We're having 350 to 400, because we have hyper-nutrition. We start our periods at 12, they start their periods at 15, 16, they have eight babies. We have two babies. They breastfeed for 12 months, exclusively. We breastfeed for zero, three or six, and they have seven or eight periods a year. We have 13 periods because as soon as you hit a hundred pounds or 22% body fat, that's when you get your period. As you know, we have tons of calories in the industrialized world and in the Dogon tribe in Mali, they don't have as many calories.


They're incessantly, pregnant or breastfeeding. How many periods do you have when you're pregnant? Zero.


How many periods do you have incessantly breastfeeding? Zero.


How many periods do we have over here? Where we're only having two children? Not saying we should have eight children, but I'm seeing the more natural state would be a hundred periods in our lives instead of 350 to 400.


Here, we have ovarian cancer, endometrial cancer. There, there is none.


And it's not like they're dying at 20. You know, we're comparing apples to apples. They too are dying at 70, 80 years old. And every single time you build that lining you risk cancer.


Georgie Kovacs: On the flip side, when women are struggling with PCOS, endometriosis, Hashimoto's disease, it just seems like medicine is “here is a problem, take a medication.”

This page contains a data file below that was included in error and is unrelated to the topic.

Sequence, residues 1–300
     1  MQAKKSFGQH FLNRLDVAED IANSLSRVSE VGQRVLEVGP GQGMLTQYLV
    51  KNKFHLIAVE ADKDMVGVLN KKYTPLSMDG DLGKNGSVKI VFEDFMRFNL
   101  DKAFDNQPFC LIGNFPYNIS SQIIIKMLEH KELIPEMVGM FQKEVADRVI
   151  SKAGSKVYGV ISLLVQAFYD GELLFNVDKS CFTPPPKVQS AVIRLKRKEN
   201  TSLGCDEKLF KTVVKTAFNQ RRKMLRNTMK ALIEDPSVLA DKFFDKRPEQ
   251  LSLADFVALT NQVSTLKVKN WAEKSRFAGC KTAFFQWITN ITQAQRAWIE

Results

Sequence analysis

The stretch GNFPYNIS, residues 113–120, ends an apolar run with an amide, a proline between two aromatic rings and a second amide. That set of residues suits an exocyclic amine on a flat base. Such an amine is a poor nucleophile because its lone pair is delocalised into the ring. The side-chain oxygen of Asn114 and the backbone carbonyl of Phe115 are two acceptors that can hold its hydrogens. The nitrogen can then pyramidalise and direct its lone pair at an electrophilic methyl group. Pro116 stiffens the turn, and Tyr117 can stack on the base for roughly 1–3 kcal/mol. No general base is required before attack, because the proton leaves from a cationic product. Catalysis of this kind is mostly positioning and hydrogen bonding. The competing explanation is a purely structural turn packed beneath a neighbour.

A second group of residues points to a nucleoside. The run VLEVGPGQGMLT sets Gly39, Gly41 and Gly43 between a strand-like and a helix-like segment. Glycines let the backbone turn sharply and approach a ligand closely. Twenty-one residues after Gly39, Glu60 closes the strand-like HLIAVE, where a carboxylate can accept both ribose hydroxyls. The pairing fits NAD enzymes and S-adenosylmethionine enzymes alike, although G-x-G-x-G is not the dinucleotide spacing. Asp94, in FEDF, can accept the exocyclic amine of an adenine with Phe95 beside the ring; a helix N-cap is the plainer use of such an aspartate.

The healthcare system is evolving where now, it's a 10-minute doctor appointment. It's not diving deep at the root cause. Also, there aren't enough clinical trials in women's health.


So now we have this situation where the trials aren't there and yet women are having to make these decisions with 10 minute appointments. You've got naturopaths that view it one way, you know, allopathic doctors have the traditional MDs, it's all about clinical trials and how do we know?


Dr Sophia Yen: I'm all about choice. It's about presenting the data out there, but looking at what has numbers behind it.


The pill, the patch, the ring, the IUD, the implant, all of those are out of your system within three days. The shot is a different matter because a shot sits in your fat and it could take nine months for it to get out.


The birth control pill, patch, ring makes you infertile while you're taking it, because that's the goal, that's birth control. 10% of women will get PCOS in their life, and the data shows this number does not increase because of the pill.


Georgie Kovacs: Much of the concern with birth control is the artificial hormones and what that can do to the body. Is it the way the clinical trials are designed that are not helping us get to the bottom of this, or is it that people potentially have more concern than there is?